The Harm of Misinformation – The Conservative Playbook
There is a lot at play here. At the top of this article, you read what CRT actually is. You’ve now read or seen how quickly that information was spun, edited, and then conflated with other “annoying” practices like sensitivity training. This has become one of the most reliable tactics used by conservative media and politicians: take a concept that is complex, one that requires research and reflection to truly grasp, and rebrand that concept in simple, scary, and easily digestible terms. Once that’s done, repeat it in a public forum to an audience that has little-to-no real interest in learning the details of the concept, but is happy to condemn it in its new form. And the built-in firewall for this strategy is that conservative leaders know that very few of their people will put in the effort to verify that what they are saying is true because they already subscribe to the conservative echo chamber.
And that is what has happened with CRT.
CRT is an academic theory. To truly understand the theory and what it puts forth, you have to have a strong pre-existing knowledge of the history of racism, the culture of racism, and then a strong understanding of the government laws and policies that, CRT argues, perpetuate or reinforce racism.
If you are a person who has never consciously observed a government system that disadvantages a minority group, or has never considered that reality, or has never been open to believing the first-hand accounts of the horrors many minorities face in this country, then an idea like CRT will seem extreme. Take that extreme baseline and add terms like “neo-Marxist,” “existential threat,” and “indoctrination” to the mix and you’ve got a scared constituency who believes the state of their existence in America is in jeopardy. And fear and discomfort, as I’m sure the GOP leaders will tell you, are wondrous motivators. Take it from Christopher Rufo himself…
I mentioned that a person would need some command of the history of racism in America, as well as a strong knowledge of government institutions before they could begin to appreciate CRT.
What I didn’t talk about is the extra work that most white people have to put in to become comfortable with these theories. These concepts can make a white person uncomfortable, and they can certainly cause white people to become defensive or lash out.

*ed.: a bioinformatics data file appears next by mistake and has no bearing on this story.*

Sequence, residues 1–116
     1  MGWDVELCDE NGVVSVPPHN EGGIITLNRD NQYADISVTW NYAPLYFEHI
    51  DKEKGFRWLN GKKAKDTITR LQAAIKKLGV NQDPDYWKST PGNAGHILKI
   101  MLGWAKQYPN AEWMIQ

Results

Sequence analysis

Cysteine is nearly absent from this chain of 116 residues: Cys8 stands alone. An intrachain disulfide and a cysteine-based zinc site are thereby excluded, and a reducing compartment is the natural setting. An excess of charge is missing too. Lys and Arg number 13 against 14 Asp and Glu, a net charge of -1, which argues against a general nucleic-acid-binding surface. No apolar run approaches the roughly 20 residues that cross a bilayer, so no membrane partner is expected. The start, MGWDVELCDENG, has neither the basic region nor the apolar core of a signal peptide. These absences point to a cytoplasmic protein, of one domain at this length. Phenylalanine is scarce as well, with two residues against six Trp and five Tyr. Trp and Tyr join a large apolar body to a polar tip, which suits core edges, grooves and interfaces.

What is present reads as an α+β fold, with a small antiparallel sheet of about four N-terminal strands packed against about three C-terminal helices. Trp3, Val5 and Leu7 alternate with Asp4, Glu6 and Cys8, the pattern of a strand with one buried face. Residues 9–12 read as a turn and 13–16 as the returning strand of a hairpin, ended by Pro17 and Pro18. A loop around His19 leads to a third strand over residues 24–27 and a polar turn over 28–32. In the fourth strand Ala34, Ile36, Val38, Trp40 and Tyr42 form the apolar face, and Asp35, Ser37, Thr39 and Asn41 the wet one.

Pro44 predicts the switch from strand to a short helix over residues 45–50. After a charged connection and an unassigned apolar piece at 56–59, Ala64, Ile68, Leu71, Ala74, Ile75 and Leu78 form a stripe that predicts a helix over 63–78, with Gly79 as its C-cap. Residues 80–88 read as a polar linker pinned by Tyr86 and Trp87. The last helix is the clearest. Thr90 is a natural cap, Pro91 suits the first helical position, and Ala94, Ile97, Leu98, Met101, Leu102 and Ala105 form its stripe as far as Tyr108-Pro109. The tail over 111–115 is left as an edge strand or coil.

The issue with learning about concepts like CRT or how systemic racism affects everyone is that the way in which systemic racism functions in America is largely invisible. It’s a bit like an anti-God. The system is ever-present, always working and always influencing, all the while achieving the end-goal of its agenda. That’s the power of it. That is what is so scary about it.
I read a book called “White Fragility” by Robin DiAngelo. The book neatly and mercilessly describes the ways in which white people in America have all absorbed racist tendencies without realizing it, simply by living within a racism system. And this is what CRT means when they say that the system—not individuals—is the primary vehicle for the propagation of racism.
Growing up, they didn’t make band-aids that matched anything but a white skin tone. They didn’t make toys that represented the skin color or features of minority groups. On a larger scale, minorities are repeatedly negatively, and disproportionately, affected across government-influenced sectors like housing, education, and criminal justice. (This article from Ben and Jerry’s actually sums it up quite nicely.) Society has most often reflected the white majority and its needs, and in ways that most of us never realize. In my experience with this, there is a moment where you come to terms with the fact that you have been subconsciously perpetuating racism in ways you didn’t know. And that realization immediately causes guilt. Maybe even defensiveness. And so you then need to go through the additional process of understanding that this is the nature of the American system and that you, personally, are probably not “a racist.”
After you come to terms with all of that, you can begin to see issues of race in everything. Which seems overwhelming, and maybe even impossible. But it’s not impossible that racism is everywhere—and that’s the horror of it. We have the influence of multiple millennia of white privilege baked into our cultural systems, and beginning to see through the veil that has obscured that fact from many of us is a difficult and complex experience to process.